Monday, February 6, 2023

Sudan. Clashes between rival groups in South Darfur kill 47 | News on humanitarian crises

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The violence follows the killing of at least 83 people on Saturday and Sunday in West Darfur.

Clashes between rival ethnic groups in Sudanese state of South Darfur have left 47 dead, a day after more than 80 people were killed in separate clashes elsewhere in the troubled region.

“The clashes between the Rizeigat tribe and the Fallata tribe have ceased and we have now counted 47 dead,” local chief Mohamed Saleh told AFP news agency on Monday.

Saleh, of the ethnically non-Arab Fallata people, added that several houses were set on fire in the attack.

The violence – which erupted early on Monday – came after at least 83 people were murdered in clashes between rival ethnic groups on Saturday and Sunday in West Darfur state.

The clashes came about two weeks after United Nations peacekeepers halted their patrols in the Darfur region, preparing for a full withdrawal.

Violence in the two states is one of the most significant fighting reported since the signing of a peace agreement in October, which observers hoped would end years of war.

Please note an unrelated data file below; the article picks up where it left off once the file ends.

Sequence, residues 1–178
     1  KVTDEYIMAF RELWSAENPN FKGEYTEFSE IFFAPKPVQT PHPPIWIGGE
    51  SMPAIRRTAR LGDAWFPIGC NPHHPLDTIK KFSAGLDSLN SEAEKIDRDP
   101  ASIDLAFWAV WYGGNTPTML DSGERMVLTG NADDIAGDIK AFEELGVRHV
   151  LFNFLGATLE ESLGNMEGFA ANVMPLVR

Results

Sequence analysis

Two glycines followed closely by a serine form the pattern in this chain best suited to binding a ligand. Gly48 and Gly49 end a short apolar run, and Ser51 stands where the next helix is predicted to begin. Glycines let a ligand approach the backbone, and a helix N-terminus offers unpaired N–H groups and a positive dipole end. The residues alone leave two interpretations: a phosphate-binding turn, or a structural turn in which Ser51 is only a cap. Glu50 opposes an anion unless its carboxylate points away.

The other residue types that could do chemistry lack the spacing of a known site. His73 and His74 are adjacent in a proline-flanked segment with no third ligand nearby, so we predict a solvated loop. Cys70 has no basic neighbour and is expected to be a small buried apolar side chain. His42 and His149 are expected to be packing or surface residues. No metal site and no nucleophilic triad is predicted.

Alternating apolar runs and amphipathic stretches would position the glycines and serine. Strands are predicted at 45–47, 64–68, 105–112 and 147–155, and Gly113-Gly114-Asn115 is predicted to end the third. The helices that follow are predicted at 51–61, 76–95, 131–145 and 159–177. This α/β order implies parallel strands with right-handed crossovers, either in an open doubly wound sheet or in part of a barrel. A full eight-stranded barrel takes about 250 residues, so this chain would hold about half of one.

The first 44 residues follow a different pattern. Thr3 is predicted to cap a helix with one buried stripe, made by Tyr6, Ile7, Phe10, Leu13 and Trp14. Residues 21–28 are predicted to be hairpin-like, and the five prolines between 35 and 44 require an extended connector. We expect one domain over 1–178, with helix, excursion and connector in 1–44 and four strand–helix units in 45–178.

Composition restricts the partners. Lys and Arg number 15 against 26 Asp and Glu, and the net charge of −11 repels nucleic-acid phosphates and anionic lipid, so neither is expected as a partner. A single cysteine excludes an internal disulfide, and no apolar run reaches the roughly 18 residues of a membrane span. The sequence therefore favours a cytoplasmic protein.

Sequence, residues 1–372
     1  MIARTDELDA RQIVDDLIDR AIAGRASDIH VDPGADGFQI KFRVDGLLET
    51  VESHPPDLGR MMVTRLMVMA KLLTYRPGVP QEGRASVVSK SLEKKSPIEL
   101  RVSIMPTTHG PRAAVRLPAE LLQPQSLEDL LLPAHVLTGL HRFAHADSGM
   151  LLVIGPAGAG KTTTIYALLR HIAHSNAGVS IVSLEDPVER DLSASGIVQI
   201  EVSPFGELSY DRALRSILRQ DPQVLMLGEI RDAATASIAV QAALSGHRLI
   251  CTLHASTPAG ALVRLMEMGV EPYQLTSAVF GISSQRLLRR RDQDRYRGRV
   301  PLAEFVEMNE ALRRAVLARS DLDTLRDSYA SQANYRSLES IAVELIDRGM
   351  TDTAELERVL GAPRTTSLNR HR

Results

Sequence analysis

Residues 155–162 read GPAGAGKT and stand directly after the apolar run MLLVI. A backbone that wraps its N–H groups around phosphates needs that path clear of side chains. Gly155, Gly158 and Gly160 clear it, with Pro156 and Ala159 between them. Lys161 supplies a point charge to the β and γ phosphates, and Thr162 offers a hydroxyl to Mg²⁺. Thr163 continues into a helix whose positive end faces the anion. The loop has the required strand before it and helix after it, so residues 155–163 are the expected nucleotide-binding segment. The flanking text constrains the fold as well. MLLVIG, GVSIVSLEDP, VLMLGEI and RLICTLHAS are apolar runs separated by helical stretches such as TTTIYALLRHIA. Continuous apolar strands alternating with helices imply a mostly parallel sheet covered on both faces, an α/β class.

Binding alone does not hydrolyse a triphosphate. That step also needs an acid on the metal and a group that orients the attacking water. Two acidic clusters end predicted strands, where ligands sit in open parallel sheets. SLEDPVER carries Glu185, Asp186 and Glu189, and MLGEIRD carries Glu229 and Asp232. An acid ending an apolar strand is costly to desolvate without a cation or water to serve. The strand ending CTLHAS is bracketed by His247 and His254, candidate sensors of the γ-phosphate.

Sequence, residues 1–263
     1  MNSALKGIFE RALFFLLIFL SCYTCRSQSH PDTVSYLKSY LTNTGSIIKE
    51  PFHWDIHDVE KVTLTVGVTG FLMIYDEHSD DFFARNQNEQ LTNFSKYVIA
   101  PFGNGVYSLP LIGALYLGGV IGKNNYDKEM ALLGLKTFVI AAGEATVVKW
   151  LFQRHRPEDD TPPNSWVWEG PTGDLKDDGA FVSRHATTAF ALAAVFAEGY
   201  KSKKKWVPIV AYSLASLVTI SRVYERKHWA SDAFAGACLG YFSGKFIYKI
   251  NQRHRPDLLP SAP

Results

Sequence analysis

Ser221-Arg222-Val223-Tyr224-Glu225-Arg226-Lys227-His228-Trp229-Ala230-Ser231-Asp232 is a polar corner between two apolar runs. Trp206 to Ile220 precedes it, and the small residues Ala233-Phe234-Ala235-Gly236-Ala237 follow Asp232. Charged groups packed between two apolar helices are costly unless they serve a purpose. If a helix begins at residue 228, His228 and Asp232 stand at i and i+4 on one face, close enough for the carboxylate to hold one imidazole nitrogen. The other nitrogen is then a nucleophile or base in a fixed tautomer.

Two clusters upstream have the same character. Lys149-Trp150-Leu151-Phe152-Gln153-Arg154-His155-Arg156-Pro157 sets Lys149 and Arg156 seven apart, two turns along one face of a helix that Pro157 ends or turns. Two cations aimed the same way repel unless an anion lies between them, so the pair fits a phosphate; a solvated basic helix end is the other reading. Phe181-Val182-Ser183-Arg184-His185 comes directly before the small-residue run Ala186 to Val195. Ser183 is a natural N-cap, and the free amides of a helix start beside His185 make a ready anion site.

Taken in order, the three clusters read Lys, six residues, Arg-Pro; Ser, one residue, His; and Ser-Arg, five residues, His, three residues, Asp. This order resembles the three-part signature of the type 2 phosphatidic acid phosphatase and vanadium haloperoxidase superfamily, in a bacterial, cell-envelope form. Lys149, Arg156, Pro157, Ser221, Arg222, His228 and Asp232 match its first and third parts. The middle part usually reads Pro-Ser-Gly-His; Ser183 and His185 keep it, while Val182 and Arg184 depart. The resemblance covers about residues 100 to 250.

As the former rebel forces pledged to lay down their arms, decades of conflict have left the vast western region inundated with arms and divided by bitter rivalry.

The main issues include land ownership and access to water.

Difficult transition

Sudan has been going through a fragile transition since the ouster of President Omar al-Bashir in April 2019 following mass protests against his regime.

The predominantly civilian administration installed after Bashir’s ouster lobbied to stabilize areas plagued by decades of civil war.

Darfur has endured a bitter conflict that erupted in 2003, leaving an estimated 300,000 dead and 2.5 million displaced, according to the UN.

The main conflict has subsided over the years, but ethnic and tribal clashes still erupt periodically, largely pitting nomadic Arab pastoralists against settled farmers from non-Arab ethnic groups.

Only two groups refrained from signing the peace agreement, one of which enjoys considerable support in Darfur.

The UN-African Union Hybrid Operation in Darfur, a peacekeeping force, plans to phase out some 8,000 armed and civilian personnel within six months.



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